Although the original plan for the next phase of the Catalogue Raisonné was as a multivolume traditional printed publication, as early as 2003, under the leadership of its new Director, Jenny Dixon, the Foundation began to reenvision The Isamu Noguchi Catalogue Raisonné as a digital publication. While digital publishing was then only beginning to gain acceptance within the scholarly community, the project recognized how well the new technology suited the interdisciplinary nature of Noguchi’s international practice, that it offered much greater accessibility, and that it would significantly accelerate the publication schedule for new and updated research. When the Foundation was rechartered as The Isamu Noguchi Foundation and Garden Museum in 2004, the Catalogue Raisonné remained central to its mandate. In 2007, the financial support of the Henry Luce Foundation and the National Endowment for the Arts made possible the partial digitization of the Museum’s photography archives, thus providing additional momentum to the transition toward online publication.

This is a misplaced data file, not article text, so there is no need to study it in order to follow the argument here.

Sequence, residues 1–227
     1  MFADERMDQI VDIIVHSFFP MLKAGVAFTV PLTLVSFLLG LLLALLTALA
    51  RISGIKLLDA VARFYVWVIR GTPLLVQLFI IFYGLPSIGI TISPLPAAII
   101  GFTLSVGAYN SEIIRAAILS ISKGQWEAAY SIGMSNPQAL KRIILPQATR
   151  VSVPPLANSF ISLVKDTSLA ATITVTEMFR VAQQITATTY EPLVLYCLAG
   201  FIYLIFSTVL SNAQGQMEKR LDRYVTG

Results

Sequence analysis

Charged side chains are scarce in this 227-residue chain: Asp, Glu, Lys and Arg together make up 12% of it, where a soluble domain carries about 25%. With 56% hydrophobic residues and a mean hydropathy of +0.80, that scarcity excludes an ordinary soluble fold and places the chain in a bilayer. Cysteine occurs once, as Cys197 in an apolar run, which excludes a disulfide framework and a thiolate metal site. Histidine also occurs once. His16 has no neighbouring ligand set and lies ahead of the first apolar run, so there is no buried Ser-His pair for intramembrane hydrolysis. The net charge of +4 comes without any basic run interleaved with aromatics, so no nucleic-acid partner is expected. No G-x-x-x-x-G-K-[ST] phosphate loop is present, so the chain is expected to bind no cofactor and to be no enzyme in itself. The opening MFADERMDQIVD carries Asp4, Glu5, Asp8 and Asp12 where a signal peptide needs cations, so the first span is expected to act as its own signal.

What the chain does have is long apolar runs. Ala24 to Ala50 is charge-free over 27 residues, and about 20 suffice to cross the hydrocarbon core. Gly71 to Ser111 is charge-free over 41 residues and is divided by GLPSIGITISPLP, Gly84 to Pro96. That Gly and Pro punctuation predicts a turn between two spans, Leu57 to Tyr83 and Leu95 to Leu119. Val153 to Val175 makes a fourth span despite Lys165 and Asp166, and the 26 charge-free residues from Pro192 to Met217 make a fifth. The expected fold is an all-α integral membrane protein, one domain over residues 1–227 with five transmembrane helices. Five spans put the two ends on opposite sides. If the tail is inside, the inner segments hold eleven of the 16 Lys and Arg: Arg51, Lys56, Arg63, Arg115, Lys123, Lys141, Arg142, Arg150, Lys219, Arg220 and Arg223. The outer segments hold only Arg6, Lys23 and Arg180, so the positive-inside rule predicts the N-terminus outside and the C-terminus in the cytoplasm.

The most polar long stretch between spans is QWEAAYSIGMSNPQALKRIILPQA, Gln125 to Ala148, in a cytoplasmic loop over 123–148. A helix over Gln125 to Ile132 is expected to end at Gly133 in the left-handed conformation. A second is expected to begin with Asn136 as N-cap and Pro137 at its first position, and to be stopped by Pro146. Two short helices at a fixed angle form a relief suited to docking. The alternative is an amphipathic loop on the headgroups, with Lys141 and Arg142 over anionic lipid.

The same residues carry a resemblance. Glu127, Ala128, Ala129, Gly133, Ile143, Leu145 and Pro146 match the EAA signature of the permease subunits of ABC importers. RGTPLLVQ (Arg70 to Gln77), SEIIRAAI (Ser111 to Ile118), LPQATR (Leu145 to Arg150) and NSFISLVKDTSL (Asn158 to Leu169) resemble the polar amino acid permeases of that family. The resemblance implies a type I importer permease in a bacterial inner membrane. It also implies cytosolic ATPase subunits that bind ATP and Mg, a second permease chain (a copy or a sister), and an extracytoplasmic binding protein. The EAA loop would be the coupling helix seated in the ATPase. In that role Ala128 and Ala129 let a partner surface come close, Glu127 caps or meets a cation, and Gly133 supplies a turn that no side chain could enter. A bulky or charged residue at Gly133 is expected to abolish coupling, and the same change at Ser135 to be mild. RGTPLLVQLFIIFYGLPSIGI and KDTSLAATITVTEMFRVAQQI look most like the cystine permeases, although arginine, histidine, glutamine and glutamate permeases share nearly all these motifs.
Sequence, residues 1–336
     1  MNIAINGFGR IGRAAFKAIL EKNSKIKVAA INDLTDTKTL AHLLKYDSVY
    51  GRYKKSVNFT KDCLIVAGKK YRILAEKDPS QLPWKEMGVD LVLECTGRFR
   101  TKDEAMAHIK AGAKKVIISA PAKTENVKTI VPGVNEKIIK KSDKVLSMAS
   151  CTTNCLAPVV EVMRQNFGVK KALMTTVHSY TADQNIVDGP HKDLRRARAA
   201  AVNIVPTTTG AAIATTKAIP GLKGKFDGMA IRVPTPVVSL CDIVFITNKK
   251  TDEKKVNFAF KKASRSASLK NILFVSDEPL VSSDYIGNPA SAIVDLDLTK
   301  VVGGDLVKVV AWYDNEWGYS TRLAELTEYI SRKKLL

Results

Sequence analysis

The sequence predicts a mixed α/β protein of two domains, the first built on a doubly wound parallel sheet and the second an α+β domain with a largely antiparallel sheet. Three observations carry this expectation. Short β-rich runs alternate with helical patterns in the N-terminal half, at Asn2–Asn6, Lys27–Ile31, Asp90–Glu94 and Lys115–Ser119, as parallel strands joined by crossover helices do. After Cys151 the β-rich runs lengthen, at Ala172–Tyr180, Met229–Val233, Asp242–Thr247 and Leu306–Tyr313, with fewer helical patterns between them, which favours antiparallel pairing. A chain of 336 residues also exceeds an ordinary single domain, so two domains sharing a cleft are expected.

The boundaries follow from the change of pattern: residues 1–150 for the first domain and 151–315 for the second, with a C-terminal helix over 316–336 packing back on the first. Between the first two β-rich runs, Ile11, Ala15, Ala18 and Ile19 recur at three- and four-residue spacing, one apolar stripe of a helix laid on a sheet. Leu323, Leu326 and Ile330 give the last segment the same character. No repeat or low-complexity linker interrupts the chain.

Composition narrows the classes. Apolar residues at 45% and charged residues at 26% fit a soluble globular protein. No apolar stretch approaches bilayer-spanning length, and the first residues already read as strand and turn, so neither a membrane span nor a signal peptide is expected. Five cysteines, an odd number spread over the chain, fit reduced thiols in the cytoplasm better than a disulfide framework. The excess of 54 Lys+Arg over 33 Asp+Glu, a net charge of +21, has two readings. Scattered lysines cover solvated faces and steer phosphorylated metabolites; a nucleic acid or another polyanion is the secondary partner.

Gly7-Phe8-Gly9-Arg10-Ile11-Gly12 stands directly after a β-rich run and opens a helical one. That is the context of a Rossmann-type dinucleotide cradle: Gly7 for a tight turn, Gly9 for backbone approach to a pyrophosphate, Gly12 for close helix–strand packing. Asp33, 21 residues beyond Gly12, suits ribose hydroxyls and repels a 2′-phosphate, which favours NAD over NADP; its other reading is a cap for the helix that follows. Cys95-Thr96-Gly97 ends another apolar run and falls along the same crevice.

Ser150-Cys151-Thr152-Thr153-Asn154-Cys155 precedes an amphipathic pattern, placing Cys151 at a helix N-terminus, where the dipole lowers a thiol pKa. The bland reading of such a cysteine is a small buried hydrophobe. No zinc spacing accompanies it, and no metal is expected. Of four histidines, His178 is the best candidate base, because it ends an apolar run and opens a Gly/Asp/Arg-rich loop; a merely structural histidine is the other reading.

First launched in 2011, the digital Isamu Noguchi Catalogue Raisonné is now the authoritative resource for research and general interest around Noguchi’s artistic practice. Shaina Larrivee, who joined the project in 2011 in the role of Project Manager, oversaw the initial launch of the dINCR, as well two subsequent updates to the site, in 2012 and 2015, both of which included significant amounts of new research. In 2014, Larrivee became Managing Editor of the project, and was succeeded by Alex Ross when he assumed the role in 2015. Also in 2015, a second generous grant from the Henry Luce Foundation made possible the item-level cataloguing and digitization of the Museum’s archives. The scope of the grant also included the development of a customized database that has been designed to accommodate this significant amount of newly digitized material and to also make it accessible through the Museum’s redesigned website.